In this two-part episode Shahriar repairs an Agilent N5230A 13.5GHz PNA-L which suffers from un-leveled output in full frequency sweep range. The instrument is not able to produce any outputs above -25dBm above 10.5GHz and shows below specification output power levels below 10.5GHz.
Teardown of the unit reveals various microwave modules with the SSLAM final module responsible for amplitude leveling and frequency multiplication for frequencies above 10.5GHz. Teardown of this module shows a collection of MMIC dies wirebonded together using micro-strip ceramic pieces and interconnects. MMIC include switches, amplifiers, filters, multipliers, power detectors and attenuators. After examining the input/output signals of the module it becomes clear that the input switch IC is damaged. Unfortunately, an attempt to replace the die with a packaged QFN GaAs device fails. However, a lucky eBay find of a used SSLAM module saves the day and the instrument is restored to full functionality. Some measurements of an packaged evaluation board of a GaAs IC is demonstrated using the newly repaired PNA-L.
In this episode Shahriar takes a look at one of the most advanced electrical test and measurement instruments ever created. The Keysight UXR-Series Real-Time Oscilloscope brings 110GHz of analog bandwidth and 256GS/s real-time sampling at 4-channels simultaneously. To make it even more impressive, the entire data-conversion architecture is in 10-bits. This implies that the instruments captures, processes, stores and displays over 10Tb/s of information.
Various architectures of state-of-the art oscilloscopes from Keysight, LeCroy and Tektronix are examined and compared against the new real-time architecture of the UXR-Series oscilloscope. The teardown of the front-end 110GHz module along with the data acquisition board is presented and analyzed in detail. The instrument showcases a wide range of Keysight technologies implemented in various technologies such as InP, SiGe BiCMOS, 65nm CMOS and 28nm CMOS nodes. In combination with Hyper-Cube memory module, data can be captured at 256GS/S from all 4-channels at the same time. Several variants of the UXR-Series oscilloscope will be available from 13GHz to 110GHz bandwidths.
A new calibration probe is also introduced based on the Keysight InP process capable of producing signal edges with sub-3.5ps of rise/fall times with NIST traceable calibration data. This enables users to perform NIST alignment and bandwidth calibration on site without needing to send the instrument back to Keysight.
Several measurements with the scope demonstrates its extraordinarily low noise floor, jitter as well as the capability of the new probe module for instrument calibration. The 110GHz 4-channel variant of the UXR-Series oscilloscope has an MSRP of $1.3 Million US dollars.
In this episode Shahriar demonstrates the effort for collecting affordable components and instruments in the past year to be able to generate mm-wave frequencies in the lab. The main goal is to generate synthesized CW signals beyond 26.5GHz and to be able to analyze them on the Keysight MXA Spectrum Analyzer.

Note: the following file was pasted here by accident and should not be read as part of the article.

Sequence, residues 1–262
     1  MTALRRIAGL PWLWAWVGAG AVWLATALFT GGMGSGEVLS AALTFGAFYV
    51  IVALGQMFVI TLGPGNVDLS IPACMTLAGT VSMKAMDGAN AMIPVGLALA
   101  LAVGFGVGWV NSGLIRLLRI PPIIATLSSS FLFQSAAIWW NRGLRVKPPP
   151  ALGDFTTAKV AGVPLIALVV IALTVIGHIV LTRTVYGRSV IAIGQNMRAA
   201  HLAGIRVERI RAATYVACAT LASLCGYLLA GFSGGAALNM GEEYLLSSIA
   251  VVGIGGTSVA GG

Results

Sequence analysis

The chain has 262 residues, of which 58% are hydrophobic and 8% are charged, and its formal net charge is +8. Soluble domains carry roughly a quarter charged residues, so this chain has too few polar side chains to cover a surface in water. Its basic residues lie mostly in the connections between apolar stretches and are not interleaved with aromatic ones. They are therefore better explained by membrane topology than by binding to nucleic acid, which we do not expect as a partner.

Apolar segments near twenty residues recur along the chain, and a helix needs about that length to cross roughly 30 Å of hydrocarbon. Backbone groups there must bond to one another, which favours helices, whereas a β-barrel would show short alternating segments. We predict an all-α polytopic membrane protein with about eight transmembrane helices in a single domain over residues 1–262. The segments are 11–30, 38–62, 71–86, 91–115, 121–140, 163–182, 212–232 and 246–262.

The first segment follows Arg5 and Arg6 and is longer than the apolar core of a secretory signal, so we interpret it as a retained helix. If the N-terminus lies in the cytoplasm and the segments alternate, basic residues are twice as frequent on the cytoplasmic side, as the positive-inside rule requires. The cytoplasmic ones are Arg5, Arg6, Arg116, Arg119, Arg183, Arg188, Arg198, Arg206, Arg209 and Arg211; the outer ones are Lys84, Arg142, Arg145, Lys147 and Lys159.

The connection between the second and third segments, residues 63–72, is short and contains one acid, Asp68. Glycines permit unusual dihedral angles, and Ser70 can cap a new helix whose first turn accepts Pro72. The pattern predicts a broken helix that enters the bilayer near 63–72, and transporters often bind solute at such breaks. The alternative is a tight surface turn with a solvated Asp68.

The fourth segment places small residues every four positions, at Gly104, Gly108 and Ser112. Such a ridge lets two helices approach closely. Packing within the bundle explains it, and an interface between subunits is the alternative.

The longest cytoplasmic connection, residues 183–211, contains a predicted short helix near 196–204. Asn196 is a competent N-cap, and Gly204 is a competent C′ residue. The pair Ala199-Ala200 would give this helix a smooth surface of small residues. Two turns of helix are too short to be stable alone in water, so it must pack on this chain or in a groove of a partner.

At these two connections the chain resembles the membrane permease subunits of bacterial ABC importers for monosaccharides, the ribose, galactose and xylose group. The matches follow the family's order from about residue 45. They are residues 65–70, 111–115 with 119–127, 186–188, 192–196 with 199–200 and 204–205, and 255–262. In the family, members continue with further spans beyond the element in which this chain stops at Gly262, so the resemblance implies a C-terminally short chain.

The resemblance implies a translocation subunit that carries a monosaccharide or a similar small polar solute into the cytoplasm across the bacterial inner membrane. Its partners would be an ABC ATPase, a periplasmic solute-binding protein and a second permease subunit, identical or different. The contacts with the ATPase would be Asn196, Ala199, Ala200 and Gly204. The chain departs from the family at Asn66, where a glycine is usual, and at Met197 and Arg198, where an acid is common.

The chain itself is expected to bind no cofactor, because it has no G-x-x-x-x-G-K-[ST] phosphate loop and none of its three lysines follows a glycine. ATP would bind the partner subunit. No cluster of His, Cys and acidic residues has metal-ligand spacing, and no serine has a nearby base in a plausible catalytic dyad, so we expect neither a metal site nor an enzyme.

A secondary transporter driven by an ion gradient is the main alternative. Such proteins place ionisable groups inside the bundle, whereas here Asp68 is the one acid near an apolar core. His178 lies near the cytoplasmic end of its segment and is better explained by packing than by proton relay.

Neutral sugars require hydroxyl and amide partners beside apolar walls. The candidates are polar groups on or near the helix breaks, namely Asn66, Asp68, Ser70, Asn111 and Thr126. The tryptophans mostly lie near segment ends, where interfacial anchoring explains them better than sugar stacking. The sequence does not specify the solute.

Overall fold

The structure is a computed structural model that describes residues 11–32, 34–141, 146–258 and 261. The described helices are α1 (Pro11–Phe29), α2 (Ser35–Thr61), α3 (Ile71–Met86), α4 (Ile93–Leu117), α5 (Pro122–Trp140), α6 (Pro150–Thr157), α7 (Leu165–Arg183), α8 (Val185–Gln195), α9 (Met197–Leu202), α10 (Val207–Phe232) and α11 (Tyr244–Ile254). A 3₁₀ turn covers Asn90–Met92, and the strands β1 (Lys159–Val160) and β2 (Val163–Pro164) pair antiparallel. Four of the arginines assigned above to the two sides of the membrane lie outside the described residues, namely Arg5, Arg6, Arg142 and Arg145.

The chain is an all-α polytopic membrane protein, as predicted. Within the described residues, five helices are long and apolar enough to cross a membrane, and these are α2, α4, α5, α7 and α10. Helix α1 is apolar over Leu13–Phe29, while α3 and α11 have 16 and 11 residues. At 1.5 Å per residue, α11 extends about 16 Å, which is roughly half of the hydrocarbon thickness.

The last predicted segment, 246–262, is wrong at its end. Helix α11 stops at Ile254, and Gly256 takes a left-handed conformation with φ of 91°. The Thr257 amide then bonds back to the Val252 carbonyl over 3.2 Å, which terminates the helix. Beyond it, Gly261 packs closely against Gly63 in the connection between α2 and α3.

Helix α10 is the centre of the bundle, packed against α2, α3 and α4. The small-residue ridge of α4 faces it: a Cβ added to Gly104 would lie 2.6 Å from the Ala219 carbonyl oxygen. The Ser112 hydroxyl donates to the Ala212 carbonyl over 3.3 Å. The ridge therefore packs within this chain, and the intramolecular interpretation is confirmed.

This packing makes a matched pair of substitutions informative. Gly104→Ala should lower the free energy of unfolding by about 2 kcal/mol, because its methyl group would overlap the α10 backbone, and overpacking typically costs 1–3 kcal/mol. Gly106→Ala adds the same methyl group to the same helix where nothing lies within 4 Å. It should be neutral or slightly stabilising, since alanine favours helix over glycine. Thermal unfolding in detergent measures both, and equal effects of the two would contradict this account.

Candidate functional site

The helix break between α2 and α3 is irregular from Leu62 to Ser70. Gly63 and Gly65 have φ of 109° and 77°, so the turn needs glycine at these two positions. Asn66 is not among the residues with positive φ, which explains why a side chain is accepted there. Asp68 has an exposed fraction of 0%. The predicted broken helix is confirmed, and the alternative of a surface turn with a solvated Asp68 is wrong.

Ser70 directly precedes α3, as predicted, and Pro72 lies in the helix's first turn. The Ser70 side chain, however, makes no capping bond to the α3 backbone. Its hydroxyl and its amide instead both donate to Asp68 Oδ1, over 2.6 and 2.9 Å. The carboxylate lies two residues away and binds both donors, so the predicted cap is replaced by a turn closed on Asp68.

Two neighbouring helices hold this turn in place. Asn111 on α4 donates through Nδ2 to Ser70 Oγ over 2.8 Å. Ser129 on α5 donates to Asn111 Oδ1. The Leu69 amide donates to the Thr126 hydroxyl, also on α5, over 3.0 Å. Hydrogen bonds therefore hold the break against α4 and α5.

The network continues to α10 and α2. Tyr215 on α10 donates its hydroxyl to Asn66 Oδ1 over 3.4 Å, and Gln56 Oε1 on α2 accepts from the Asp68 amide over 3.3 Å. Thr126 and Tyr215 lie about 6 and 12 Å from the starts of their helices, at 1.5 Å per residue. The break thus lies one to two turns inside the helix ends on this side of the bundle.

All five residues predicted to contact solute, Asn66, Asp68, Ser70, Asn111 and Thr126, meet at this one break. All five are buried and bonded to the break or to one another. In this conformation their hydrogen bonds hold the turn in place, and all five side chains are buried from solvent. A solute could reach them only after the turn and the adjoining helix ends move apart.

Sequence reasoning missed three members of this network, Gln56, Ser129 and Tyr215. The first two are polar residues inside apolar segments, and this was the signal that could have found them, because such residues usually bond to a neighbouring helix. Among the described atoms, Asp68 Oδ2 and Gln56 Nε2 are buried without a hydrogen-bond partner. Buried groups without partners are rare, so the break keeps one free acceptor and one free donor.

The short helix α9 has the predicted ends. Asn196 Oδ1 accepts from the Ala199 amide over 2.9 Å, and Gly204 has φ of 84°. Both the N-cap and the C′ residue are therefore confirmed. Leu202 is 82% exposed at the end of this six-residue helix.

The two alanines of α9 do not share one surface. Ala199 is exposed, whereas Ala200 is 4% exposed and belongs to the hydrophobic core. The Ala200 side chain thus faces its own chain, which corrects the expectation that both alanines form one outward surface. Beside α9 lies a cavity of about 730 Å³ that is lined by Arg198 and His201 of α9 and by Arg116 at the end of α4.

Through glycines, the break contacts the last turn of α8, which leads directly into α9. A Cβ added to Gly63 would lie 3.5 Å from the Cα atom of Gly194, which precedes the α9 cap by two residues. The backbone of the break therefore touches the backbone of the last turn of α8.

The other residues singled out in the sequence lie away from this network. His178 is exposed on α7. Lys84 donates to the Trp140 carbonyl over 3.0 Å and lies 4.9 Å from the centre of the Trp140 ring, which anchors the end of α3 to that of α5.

Several instruments and components are which include the HP 83752B Synthesized Sweeper, HP 83556A mm-Wave Source Modules between 26.5-40GHz and 40-60GHz using doubler and trippler architectures, HP 8349B 2.0-20GHz amplifier, HP 11970 series harmonic mixers and OML DPL313B diplexer. Combining all these instruments along with various waveguide to coax converters mm-wave generation and detection is successfully demonstrated.
Finally, a full teardown of the mm-wave source module is presented which includes the preamplifier as well the waveguide module with very interesting design architecture.
In this episode Shahriar analyzes the failure of two Agilent 8449B Preamplifiers. These units should provide up to 30dBm of gain from 1.0GHz to 26.5GHz intended for use as a preamplifier. Both amplifiers test positive for power supply voltages and operation. After removing the interface cables from the amplifier module to the front panel, it becomes clear that mechanical shock has caused damage to the front panel connectors. Replacement cables and connectors are used to correct the problem.
In this episode Shahriar demonstrates a full analysis of a CDM324 24GHz Doppler radar module from IC Station. Opening the module reveals a series of microwave PCB components and several active devices. A complete analysis of the module is presented. The unit is then measured and the impact of antenna impedance and power supply voltage on the output frequency is measured. The phase noise of the output signal is also measured. Using a series of servo motors, the radiation pattern of the antenna array in both azimuth and elevation is also presented.
Using the radar module the speed of a computer fan is remotely measure using an oscilloscope and FFT function.
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The Signal Path (TSP) is an electrical engineering video blog for industry professionals, students and hobbyists. TSP is a non-for-profit website dedicated to provide free education spanning a wide range of electrical engineering topics. Equipment reviews, tutorials and repair videos are posted regularly.